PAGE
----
my own world is something much closer to what I call “McOndo”—a world of
McDonald’s, Macintoshes and condos. In a continent that was once ultra-
politicized, young, apolitical writers like myself are now writing without an ç
overt agenda, about their own experiences. Living in cities all over South
America, hooked on cable TV (CNN en español), addicted to movies and connected
to the Net, we are far away from the jalapeño-scented, siesta-happy atmosphere
that permeates too much of the South American literary landscape. (“I am not”

Instead of picturesque, exotic, tropical, underdeveloped, and rural settings dominated by magical phenomena, they propose a more “cultural realistic” approach that resorts to contemporary urban or suburban settings, popular culture, and the consequences of globalization. Fuguet, for example, has complained about the expectations that U.S. and European critics and publishing houses have of Latin American literature. When he was participating in the University of Iowa’s International Writers Program, his writings, he explains, were rejected because they lacked “magical realism”: “but the flying abuelitas and the obsessively constructed genealogies didn’t seem to fit in my work” … Add some folklore and a dash of tropical heat and come back later. That was the message I heard” (“I am not” n.p.).

Like Fuguet, Díaz’s transnational upbringing inspired a different vision of his own environment. Indeed, he coincides with the Chilean author and other writers of the McOndo group in his multiple references to popular culture (classic science fiction, comic books, sword-and-sorcery novels, old television shows, video and role-playing games, the Internet, Hollywood and anime films), including the epigraph from Fantastic Four that opens his novel. Where The Brief Wondrous Life of Oscar Wao clearly deviates from the usual topics in Fuguet’s writing, however, is in hismore openly political overtones (concentrating mostly on the U.S. invasion of the Dominican Republic and the atrocities committed by the Trujillo regime) and in its central focus on collective social injustices, including poverty, political oppression, and diaspora. In fact, Díaz has admitted that he has “an agenda to write politics without letting the reader think it is political” (Céspedes 901).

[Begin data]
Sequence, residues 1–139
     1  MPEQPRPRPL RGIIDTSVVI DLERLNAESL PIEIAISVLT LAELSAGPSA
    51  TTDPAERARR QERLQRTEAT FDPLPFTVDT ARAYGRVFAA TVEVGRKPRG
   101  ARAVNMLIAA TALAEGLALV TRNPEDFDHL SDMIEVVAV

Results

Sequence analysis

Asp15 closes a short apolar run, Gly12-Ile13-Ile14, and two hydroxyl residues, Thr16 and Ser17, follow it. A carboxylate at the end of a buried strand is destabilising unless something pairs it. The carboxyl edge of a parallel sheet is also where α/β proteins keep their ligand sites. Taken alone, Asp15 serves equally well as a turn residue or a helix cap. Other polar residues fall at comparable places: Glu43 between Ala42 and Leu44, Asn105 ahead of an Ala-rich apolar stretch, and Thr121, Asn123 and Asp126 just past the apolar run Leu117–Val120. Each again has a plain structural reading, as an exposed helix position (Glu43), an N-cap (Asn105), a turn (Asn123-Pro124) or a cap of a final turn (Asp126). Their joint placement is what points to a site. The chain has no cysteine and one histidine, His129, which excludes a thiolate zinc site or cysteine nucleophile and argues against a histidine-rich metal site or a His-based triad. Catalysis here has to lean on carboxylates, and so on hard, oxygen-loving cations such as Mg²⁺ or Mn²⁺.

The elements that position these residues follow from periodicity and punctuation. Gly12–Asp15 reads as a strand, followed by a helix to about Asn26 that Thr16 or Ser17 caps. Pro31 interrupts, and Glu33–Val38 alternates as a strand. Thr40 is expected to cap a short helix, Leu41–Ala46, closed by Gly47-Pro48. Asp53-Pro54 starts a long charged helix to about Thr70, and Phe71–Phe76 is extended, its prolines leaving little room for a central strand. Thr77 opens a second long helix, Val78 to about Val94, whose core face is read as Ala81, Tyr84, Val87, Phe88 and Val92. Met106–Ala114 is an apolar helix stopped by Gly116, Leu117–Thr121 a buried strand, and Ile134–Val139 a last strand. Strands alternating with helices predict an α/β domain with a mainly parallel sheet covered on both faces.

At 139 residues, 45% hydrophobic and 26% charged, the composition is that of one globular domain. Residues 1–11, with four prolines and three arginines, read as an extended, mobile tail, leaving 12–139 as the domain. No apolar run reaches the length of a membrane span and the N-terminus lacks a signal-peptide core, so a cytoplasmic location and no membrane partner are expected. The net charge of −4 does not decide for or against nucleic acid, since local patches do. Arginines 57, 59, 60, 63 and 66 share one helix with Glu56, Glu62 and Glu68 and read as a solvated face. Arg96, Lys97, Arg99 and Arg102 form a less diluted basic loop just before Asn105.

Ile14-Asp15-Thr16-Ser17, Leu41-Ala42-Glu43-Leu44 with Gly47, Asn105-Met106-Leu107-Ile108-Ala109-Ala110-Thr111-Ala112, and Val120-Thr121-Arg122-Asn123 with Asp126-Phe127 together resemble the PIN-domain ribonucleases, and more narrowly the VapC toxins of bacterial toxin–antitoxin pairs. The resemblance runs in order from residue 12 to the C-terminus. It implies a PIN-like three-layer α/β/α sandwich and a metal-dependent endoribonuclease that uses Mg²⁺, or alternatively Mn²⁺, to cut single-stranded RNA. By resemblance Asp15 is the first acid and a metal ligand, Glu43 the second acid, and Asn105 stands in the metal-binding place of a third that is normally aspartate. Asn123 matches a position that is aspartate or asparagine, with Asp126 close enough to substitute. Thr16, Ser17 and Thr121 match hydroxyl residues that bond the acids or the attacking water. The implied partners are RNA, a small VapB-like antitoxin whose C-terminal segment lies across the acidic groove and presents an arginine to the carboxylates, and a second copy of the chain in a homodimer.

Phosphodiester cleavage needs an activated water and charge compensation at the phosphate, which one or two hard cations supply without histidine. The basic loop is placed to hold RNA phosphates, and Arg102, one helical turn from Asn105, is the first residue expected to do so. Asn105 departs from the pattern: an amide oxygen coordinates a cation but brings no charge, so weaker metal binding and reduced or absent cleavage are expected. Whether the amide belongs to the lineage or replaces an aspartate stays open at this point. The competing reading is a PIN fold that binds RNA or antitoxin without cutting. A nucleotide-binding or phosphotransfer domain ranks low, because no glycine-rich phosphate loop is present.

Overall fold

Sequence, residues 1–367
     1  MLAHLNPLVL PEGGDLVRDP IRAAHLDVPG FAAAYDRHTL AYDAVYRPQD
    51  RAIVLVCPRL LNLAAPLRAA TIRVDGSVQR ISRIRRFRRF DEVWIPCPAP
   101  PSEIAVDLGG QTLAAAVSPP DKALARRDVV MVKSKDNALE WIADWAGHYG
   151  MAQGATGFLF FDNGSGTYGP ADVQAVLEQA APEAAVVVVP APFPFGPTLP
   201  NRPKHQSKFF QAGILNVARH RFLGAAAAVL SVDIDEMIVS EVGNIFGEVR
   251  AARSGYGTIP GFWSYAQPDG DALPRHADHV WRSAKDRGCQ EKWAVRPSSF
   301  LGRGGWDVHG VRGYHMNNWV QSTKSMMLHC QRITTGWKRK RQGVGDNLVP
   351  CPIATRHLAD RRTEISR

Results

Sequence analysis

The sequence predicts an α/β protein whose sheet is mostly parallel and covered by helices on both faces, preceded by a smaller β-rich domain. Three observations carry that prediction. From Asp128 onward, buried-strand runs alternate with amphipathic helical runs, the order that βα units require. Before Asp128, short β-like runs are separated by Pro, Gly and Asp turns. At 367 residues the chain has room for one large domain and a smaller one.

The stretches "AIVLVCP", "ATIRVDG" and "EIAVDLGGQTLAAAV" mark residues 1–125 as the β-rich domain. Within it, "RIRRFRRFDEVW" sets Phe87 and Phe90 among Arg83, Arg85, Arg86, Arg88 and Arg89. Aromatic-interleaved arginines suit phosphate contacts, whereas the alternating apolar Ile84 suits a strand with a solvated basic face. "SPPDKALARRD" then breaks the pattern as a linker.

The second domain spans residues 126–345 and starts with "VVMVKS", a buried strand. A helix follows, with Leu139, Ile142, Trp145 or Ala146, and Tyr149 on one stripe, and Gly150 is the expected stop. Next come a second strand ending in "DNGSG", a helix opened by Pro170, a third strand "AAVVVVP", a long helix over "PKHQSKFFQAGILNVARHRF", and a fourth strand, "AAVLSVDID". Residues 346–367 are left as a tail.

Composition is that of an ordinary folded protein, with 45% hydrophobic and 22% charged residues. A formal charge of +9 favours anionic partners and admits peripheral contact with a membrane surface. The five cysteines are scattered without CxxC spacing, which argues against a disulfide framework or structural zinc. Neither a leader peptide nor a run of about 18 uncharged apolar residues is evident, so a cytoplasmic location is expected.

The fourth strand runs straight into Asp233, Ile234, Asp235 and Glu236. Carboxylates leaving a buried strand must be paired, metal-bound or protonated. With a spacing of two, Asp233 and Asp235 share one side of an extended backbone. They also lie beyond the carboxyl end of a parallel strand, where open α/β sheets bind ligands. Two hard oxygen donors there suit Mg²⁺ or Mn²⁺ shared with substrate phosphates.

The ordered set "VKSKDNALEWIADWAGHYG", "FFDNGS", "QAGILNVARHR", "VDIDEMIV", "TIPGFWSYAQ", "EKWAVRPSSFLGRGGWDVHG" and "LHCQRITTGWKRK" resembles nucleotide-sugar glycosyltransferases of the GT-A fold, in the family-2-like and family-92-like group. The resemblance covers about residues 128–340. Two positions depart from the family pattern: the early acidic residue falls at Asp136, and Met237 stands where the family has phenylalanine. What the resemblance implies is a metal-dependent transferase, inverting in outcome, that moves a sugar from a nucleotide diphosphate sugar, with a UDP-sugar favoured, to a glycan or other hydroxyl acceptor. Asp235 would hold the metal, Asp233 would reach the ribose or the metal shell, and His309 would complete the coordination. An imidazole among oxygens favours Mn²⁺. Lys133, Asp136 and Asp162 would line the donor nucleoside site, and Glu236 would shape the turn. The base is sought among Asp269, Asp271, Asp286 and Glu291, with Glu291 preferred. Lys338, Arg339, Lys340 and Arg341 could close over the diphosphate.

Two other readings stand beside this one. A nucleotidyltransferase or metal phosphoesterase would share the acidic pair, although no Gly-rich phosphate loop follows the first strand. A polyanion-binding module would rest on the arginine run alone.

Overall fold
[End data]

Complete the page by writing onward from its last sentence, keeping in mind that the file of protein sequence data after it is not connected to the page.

Moreover, Díaz’s description of the provincial city of Baní and even of the capital city of Santo Domingo in the 1940s and 1950s as well as in the 1980s and early 1990s certainly fits within “the cult of the underdeveloped” (“I am not” n.p.), as Fuguet has described magical realist writing. Likewise, The Brief Wondrous Life of Oscar Wao exhibits a typically magical realist interest in the exotic world of spiritual or metaphysical phenomena. Thus, in one of the numerous metanarrative and self-reflective passages, Yunior points out, “But no matter what the truth, remember: Dominicans are Caribbean and therefore have an extraordinary tolerance for extreme phenomena. How else could we have survived what we have survived?” (149). Not surprisingly, the first paragraph of the novel offers a cultural explanation (or dictionary definition) of the traditional fukú superstition or belief: “Fukú americanus, or more colloquially, fukú—generally a curse or a doom of some kind; specifically the Curse and the Doom of the New World.” (1). This fukú ultimately becomes the leitmotif that gives coherence to the story of the different generations of the family (and yes, the family saga, is also reminiscent of several landmark novels of Latin America’s Magical Realism) in both the Dominican Republic and the United States. The novel itself is not only presented as a fukú story but, as previously mentioned, as a zafa or counterspell against fukú. Soon, we are told that Christopher Columbus was “both its midwife and one of its great European victims” and, in another analogy between the times of the Spanish Conquest of the Caribbean and the Era of Trujillo, we learn that “No one knows whether Trujillo was the Curse’s servant or its master” (2-3).